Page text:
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That as sin hath reigned unto death, even so might grace reign through righteousness unto eternal life by Jesus Christ our Lord.
Note 9 at Ro 5:21: The sin that is being spoken of here is not the individual acts of sin that we commit but rather the propensity for sin itself. The American Heritage Dictionary defines “propensity” as “an innate inclination; tendency.” It is this inherited inclination to sin that Paul was speaking of.
The word “sin” is used forty-five times in the book of Romans (Ro 3:9, 20; 4:8; 5:12-13, 20-21; 6:1-2, 6-7, 10-18, 20, 22-23; 7:7-9, 11, 13-14, 17, 20, 23, 25; 8:2-3, 10; and 14:23). The plural, “sins,” is used four times (Ro 3:25, 4:7, 7:5, and 11:27).
Of this total of forty-nine times that “sin” or “sins” is used in Romans, these two English words come from three Greek words. One of these Greek words, “HAMARTEMA,” is only used once, in Ro 3:25, and only three other times in all the New Testament (Mr 3:28, 4:12; and 1Co 6:18). Of the remaining forty-eight times, the Greek word “HAMARTIA” was used forty-seven times and “HAMARTANO” just once (Ro 6:15).
This is very significant because the Greek word HAMARTIA is a noun, while HAMARTANO is a verb. A noun denotes a person, place, or thing, while a verb describes the action of a noun. Therefore, in all but one instance in the book of Romans, the words “sin” and “sins” describe man’s tendency toward sin and not the individual acts of sins themselves. If you think of the word “sin” in these chapters as denoting the act of sin, you will miss what Paul was saying.
As believers, our fight is not against individual acts of sin but against the inner tendency to sin. If the propensity to sin can be broken, then the actions of sin will cease. Our individual acts of sin are only an expression or indication of how well we are doing in our war against this condition of the heart that causes us to sin.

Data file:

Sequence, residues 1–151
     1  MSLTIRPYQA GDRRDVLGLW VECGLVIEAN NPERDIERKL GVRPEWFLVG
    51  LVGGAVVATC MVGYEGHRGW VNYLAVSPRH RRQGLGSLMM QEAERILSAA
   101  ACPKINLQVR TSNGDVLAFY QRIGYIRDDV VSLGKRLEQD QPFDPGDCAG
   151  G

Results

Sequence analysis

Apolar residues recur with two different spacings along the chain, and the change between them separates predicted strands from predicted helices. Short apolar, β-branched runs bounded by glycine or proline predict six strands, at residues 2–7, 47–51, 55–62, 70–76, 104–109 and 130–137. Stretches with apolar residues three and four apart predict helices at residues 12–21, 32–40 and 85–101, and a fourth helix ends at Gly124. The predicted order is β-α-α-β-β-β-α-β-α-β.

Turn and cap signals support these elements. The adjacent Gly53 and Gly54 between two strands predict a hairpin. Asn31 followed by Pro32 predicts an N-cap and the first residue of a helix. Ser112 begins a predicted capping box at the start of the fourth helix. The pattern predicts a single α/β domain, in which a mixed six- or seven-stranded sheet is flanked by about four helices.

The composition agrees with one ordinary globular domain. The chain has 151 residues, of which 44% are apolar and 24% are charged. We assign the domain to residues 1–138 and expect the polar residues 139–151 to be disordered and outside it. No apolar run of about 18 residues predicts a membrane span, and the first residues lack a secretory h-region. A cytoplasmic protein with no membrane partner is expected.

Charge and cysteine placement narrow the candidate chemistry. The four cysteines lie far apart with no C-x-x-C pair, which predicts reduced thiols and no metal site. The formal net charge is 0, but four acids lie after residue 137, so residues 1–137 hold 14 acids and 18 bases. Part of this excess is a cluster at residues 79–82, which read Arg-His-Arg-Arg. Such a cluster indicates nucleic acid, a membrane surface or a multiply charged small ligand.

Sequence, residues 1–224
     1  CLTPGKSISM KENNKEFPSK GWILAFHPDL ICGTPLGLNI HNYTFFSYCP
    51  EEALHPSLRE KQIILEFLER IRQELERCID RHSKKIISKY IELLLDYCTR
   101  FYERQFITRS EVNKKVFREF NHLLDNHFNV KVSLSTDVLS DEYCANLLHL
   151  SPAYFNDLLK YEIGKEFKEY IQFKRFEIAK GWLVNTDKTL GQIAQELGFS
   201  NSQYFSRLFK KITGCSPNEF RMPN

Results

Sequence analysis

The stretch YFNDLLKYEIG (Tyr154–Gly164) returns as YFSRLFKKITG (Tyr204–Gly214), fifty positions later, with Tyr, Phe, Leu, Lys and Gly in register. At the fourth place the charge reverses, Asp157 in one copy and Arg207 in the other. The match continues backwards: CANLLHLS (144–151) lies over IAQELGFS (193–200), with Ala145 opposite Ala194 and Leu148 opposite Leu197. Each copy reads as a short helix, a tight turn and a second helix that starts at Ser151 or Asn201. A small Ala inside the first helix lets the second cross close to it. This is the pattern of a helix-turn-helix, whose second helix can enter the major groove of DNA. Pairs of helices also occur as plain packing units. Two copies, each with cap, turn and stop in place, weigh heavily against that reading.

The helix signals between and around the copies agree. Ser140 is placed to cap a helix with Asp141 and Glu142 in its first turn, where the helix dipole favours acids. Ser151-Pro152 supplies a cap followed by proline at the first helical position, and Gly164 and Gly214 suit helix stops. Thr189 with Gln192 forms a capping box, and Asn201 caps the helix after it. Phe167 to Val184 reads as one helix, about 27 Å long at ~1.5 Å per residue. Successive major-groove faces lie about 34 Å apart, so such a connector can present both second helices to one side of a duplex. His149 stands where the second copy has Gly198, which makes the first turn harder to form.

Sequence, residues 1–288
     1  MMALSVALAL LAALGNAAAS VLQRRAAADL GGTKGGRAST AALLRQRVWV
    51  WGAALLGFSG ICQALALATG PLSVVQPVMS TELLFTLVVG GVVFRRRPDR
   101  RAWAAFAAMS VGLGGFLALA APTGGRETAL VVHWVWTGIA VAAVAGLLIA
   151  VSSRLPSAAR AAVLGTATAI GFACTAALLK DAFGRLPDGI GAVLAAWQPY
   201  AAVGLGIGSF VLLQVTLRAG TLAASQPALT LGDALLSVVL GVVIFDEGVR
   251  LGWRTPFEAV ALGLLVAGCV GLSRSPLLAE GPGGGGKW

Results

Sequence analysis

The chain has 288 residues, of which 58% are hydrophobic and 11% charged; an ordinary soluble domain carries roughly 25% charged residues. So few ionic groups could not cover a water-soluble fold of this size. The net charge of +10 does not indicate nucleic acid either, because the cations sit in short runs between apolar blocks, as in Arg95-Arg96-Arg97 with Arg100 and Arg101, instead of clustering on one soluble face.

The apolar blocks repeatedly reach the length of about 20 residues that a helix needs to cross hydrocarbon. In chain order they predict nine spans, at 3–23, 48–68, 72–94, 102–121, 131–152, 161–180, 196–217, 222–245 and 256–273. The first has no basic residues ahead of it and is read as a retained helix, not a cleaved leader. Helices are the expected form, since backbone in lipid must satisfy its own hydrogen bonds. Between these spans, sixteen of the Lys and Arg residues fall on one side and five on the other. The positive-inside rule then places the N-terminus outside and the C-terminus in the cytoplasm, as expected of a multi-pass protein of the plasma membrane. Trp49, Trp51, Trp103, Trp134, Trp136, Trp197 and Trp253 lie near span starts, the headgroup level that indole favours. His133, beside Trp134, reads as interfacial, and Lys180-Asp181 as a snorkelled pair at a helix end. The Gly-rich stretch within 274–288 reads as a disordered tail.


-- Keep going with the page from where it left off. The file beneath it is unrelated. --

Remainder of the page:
Ro 5:12 says that this propensity to sin (or what many call the “sin nature”) entered the world through Adam. It is this sin nature that caused us to sin, not our individual acts of sin that gave us a sin nature (see note 17 at Joh 8:44, note 6 at Ro 5:19, and note 3 at Ro 7:9).
At salvation, the “old man” (Ro 6:6), or sin nature, died, but the tendency to sin remained through the thoughts and emotions that the “old man” left behind. Christians no longer have a sin nature that compels them to sin; they are simply dealing with the renewing of their minds.
Note 10 at Ro 5:21: Sin (see note 9 at this verse) ruled like a king (the Greek word for "reigned" in Ro 5:17 was also translated "king") through condemnation (Ro 5:16) to bring death upon everyone. Condemnation is like the general of sin that enforced its power. Likewise, now God's grace rules like a king through righteousness to bring all who are in Christ into eternal life. Righteousness is the general of grace who defends us against all the wiles of the devil.
Sin would ultimately bring death to all people whether they were condemned or not (Ro 6:23). But to those who are guilt ridden and condemned over their sins, sin has a particularly devastating effect. Likewise, those who put faith in Christ will ultimately experience God's eternal life. But those who understand righteousness as a gift to be received and not a wage to be earned are the ones who reign like kings, over sin and all its effects, in this life.
Remove guilt or condemnation, and sin loses its strength to rule (1Co 15:56). Remove the knowledge of righteousness by faith, and grace loses its power to release eternal life in our daily lives.
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